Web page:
Early exposure to ASL does NOT hinder spoken language development
August 23, 2019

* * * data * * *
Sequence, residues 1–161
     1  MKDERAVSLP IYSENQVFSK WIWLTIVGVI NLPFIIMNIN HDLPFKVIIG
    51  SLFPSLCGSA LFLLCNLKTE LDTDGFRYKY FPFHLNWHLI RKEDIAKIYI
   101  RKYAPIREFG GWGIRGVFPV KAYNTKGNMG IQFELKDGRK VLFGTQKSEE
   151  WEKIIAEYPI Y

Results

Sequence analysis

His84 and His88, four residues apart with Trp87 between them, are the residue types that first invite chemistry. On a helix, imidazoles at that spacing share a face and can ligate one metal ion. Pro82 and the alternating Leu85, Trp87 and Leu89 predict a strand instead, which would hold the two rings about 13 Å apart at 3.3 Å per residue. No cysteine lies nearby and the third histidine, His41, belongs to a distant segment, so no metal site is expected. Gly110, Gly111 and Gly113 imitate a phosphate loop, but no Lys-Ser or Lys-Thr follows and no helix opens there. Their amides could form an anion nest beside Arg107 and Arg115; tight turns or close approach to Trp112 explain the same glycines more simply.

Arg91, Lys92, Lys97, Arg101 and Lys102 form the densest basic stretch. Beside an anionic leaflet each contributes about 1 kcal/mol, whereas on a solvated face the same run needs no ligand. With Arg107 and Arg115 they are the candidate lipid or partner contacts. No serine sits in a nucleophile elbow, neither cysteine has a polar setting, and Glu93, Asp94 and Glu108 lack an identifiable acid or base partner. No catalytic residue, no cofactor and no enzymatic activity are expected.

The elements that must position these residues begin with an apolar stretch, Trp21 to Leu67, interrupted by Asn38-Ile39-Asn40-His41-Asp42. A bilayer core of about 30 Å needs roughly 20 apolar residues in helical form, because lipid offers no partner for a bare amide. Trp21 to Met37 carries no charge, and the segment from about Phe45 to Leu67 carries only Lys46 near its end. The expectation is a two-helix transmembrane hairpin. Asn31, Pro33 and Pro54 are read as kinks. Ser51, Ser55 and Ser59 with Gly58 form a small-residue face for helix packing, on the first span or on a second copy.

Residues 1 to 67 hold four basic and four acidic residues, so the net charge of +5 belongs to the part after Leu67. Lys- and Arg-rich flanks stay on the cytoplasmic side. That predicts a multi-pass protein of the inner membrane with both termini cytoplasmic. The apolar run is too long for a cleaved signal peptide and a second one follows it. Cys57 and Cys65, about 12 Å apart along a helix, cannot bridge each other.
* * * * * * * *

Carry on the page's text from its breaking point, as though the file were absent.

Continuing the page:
So you at AG Bell have said that when a baby is born and has been exposed to ASL at an early age, that will hinder their speech development. And will continue to affect their speech development as they grow. You also said that a child should not be taught ASL but rather speech and listening at a very early age. If speech and listening is used, then the child will speak well as an adult. You say that, compared to children who are taught just to sign ASL or a combination of both ASL and speech, it seems that children who are taught speech and listening do better than those who are taught a combination. In your statement, you cited research by others. The quote from you that we just cited seems to have no source attributed to it. We, the department, have assumed that you are referring to these publications listed to the left of me on the screen here. They are all the same – they look at children who have been taught speech and total communication. (Some people sign “total communication” like this.) So, they look at children who use total communication. The problem with these studies is that we do not know the age at which these children started with oral or total communication. Were these children exposed straightaway at birth or did exposure occur at a later age? Who were the adult models that signed with the children? Were they deaf? Were they skilled at using the communication systems? Or did the hearing parents themselves communicate with the children on a daily basis? That’s the problem with those studies – they didn’t share that kind of information in their research. It’s important to consider what total communication really means. The goal of total communication is take all of these different communication methods like signed languages (ASL for example), speech, Signed Exact English (SEE), and so on and give those all to the child. That way the child has the opportunity to sample the different methods and then hone in to the ones that work for the child. So that’s the idea but the problem with total communication is that in practice, all of those systems that are supposed to be put forth for the child are not actually shared in practice. Instead what happens is communication becomes this haphazard combination of speech and some kind of sign system like SEE. So now imagine that we have this child watching a simultaneous combination of sign and speech in which neither is really presented in totality to the child. The child gets a messy mixture of input and can not really connect to the original message that has been delivered. The space around the signer, which is a trademark characteristic of ASL, is not used in communication with the child. The child cannot connect with the communicator in which rhythm, prosody and all of that are probably off. So now thinking about that, does the child get the rich input that they need? No they don’t. So that problematic input will definitely impact the ability to effectively acquire any kind of language. And then when you go and try testing that child’s English development, it will be skewed. If you want to really compare the two groups of deaf children with different communication experiences… Then we suggest that you look at these two groups. One of the groups is full of children who have only been exposed to the oral communication method. You can test that particular group. Then the second group of deaf children will be those that have been exposed to a mixture of oral communication and signed language. Understand that the signed language must be from good language models, ideally parents who are deaf and use it fluently. Now we’ve got those two groups – we can look at their English development skills. Those groups are now comparable. So you want to look at the oral development of those groups? These researchers have already done similar work. They looked at deaf parents who had deaf children who were implanted and received oral training along with fluent and natural signed input (like ASL). The researchers ensured that the children in the study actually received rich input – not impoverished input often found with children who received simultaneous communication. The researchers report that the deaf children in their studies are successful in spoken language development.